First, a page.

The CD is a masterful work - updating Oliver Nelson’s classic 1961 all-star project with great reverence while skillfully adding new twists and turns. Cunliffe and his nine-piece band perform updated arrangements of all six tunes from Nelson’s septet project, in exact order. Then he tacked on two originals, a forward-looking bop exploration called “Port Authority” and a Nelson-like homage to Cunliffe’s own piano mentor, Mary Lou Williams, called “May Lou’s Blues. This disc belongs on many a CD shelf, right next to Nelson’s original.
Now, about that timing. The CD was released on October 14, 2008, late in the year for consideration by critics assembling their Top 10 lists for 2008. I can’t begin to guess even how many received it or had a chance to give it a listen prior to submitting their various ballots or publishing their own year-end lists.
More than 75 of us contributed to Francis Davis’s very important 2008 jazz poll published last December 30 in the Village Voice. I double-checked yesterday. Cunliffe’s CD didn’t appear on a single list. My list for that poll, the Jazz Journalists Association’s Web site and allaboutjazz.com didn’t contain it, unfortunately, because I never received the disc. I listened to a friend’s copy this past week. Suffice it to say that I was blown away by this exceptional revisit/reinterpretation of the original project made nearly a half-century ago.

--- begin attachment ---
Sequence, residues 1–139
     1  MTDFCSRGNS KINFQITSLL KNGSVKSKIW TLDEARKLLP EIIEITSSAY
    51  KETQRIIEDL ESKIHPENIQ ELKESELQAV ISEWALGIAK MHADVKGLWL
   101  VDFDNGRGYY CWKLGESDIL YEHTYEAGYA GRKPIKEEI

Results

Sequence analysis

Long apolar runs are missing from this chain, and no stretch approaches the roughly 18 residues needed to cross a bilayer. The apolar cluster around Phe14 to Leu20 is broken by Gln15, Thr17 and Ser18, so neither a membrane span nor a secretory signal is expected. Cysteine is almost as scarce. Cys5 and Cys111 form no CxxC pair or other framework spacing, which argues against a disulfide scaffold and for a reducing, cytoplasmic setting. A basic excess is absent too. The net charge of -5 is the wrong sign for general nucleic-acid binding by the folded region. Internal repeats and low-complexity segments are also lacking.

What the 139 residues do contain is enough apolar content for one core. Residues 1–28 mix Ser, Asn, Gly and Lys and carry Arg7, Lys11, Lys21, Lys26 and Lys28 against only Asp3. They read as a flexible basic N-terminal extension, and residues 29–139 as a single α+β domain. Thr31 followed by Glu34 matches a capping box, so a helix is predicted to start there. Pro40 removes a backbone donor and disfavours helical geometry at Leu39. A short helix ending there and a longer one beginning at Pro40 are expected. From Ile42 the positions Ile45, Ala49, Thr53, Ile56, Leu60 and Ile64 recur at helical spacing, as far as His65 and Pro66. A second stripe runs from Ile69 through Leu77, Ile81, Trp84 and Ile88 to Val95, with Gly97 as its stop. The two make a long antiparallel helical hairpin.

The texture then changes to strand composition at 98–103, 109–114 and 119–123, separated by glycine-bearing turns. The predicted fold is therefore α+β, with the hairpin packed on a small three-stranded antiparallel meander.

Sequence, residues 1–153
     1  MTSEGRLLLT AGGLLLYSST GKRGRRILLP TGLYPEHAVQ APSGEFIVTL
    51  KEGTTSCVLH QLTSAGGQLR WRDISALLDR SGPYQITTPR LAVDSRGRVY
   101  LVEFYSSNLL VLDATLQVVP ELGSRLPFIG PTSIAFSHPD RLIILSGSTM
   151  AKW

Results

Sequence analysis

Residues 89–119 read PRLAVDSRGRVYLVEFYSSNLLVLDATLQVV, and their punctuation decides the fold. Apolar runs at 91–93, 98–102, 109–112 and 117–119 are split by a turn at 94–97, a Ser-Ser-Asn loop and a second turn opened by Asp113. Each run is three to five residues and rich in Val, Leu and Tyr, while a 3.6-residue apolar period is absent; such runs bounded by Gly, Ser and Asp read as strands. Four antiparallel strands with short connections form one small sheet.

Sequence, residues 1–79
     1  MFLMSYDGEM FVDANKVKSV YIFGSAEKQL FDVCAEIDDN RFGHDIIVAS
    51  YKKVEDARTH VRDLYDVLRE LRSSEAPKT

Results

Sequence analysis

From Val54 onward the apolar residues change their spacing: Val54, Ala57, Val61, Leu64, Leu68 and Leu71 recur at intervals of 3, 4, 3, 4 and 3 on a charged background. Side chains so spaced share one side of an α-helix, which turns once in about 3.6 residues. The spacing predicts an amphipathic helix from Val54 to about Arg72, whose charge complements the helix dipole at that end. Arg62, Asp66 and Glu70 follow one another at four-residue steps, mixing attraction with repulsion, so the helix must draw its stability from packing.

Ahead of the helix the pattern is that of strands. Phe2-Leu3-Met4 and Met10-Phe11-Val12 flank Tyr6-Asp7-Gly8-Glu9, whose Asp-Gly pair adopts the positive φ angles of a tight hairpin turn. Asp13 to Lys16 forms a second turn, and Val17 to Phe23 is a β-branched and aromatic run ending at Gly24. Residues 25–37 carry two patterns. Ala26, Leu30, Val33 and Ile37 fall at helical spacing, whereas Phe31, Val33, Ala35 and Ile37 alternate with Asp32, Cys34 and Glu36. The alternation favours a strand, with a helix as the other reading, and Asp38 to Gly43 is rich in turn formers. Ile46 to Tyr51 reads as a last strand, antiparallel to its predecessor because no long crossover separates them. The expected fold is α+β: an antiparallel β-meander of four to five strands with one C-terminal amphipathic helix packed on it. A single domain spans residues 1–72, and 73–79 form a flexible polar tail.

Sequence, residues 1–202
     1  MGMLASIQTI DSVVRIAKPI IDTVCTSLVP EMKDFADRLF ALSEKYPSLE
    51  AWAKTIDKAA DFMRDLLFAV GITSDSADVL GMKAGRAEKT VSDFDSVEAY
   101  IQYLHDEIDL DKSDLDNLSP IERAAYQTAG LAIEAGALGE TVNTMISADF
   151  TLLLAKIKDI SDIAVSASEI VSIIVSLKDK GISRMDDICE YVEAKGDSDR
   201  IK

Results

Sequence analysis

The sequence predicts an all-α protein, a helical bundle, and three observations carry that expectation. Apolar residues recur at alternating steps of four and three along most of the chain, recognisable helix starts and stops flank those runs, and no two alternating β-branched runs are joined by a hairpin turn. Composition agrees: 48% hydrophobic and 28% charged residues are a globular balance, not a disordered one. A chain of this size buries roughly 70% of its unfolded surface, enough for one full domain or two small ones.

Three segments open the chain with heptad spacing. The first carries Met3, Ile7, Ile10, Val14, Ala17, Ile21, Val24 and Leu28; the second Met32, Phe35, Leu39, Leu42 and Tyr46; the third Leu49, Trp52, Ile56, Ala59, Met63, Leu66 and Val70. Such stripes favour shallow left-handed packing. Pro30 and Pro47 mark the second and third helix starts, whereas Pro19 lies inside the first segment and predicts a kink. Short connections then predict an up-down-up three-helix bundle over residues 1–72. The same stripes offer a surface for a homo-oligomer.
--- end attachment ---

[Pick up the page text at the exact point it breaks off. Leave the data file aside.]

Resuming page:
So even though it technically came out late in 2008, I am tempted to put it in my 2009 Top 10 list. And why not? It can balance things a bit - as several critics put drummer Mike Clark’s excellent Blueprints Of Jazz Vol. 1 (Talking House) on their 2008 lists… even though it wasn’t released until February 3, 2009 (see My January 25 blog entry).